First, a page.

This article is written by Adhila Muhammed Arif, a student of Government Law College Thiruvananthapuram. This article seeks to explore the right to be forgotten and the provisions in the Personal Data Protection Bill related to it.
This article has been published by Rachit Garg.
Table of Contents
Since we live in a digital economy, our personal data has become a highly valuable entity. It is used by several businesses and organisations to target advertising. The storing of internet users’ data has raised concerns regarding privacy, potential misuse, unauthorised processing of data, etc. This has led to many jurisdictions proposing and implementing legislation with the intent to protect the privacy of individuals. From the inception of social media networks, many individuals have found their personal details being made openly available without their consent, and once something is made available on the internet, it is very difficult to take it down. This has led to many jurisdictions recognizing the ‘right to be forgotten’, allowing individuals to have control over the availability of their data and their existence online.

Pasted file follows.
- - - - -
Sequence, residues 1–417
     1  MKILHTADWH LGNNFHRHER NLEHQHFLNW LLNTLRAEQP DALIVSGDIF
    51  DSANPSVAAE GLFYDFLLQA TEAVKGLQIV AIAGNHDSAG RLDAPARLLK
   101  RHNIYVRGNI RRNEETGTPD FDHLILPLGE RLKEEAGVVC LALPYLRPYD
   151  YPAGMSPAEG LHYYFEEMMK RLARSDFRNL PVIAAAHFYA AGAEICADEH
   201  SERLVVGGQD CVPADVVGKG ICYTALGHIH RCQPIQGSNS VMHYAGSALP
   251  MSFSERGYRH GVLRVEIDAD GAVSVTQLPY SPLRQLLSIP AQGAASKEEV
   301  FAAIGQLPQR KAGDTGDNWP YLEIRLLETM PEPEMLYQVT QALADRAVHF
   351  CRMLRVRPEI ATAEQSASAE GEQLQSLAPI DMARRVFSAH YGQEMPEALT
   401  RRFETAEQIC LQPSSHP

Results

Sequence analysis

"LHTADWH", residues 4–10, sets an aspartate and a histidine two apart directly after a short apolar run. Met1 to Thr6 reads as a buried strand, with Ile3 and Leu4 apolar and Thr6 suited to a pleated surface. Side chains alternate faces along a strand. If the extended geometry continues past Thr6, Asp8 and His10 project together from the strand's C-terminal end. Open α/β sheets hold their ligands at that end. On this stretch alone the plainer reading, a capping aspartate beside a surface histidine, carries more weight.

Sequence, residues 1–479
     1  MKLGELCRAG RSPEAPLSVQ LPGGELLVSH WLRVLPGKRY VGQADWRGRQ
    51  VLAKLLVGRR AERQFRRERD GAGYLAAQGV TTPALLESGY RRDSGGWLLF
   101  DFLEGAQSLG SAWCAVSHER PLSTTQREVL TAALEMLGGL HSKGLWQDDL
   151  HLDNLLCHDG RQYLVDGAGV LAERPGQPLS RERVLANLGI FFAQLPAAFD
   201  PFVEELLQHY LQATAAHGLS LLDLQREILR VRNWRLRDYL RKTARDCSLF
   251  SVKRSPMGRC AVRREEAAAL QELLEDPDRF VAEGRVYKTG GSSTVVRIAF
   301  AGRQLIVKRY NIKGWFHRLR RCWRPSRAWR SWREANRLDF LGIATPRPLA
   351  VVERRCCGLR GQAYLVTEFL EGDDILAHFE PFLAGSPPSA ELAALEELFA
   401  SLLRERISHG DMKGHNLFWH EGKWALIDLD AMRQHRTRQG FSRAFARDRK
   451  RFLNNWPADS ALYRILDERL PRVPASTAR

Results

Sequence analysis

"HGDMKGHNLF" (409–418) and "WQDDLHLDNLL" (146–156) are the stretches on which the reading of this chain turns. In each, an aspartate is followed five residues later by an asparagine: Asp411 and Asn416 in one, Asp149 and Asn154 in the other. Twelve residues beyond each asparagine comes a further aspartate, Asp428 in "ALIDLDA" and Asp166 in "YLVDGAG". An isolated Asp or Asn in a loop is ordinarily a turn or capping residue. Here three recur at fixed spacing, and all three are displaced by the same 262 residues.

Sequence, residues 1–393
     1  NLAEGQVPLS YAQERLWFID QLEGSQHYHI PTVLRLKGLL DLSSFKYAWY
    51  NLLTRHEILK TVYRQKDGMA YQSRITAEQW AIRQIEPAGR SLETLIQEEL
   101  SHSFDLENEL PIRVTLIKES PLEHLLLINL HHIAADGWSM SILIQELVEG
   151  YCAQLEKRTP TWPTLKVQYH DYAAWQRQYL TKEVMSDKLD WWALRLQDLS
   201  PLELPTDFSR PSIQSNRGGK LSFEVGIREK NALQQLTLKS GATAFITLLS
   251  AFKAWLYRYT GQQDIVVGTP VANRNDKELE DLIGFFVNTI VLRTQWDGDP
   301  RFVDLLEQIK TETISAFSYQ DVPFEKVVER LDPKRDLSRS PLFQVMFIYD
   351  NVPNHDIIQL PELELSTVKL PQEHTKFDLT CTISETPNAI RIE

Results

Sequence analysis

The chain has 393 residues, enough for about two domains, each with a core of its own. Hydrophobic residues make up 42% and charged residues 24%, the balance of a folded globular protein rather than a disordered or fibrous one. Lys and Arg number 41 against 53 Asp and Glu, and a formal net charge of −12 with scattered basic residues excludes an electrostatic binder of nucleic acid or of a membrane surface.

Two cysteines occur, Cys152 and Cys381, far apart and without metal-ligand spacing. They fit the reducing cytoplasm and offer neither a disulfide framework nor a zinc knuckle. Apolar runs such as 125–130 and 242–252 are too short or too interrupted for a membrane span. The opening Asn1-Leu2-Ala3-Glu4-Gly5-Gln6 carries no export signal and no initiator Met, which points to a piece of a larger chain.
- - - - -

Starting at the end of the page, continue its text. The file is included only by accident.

Personal Data Protection Bill, 2019 – scope and importance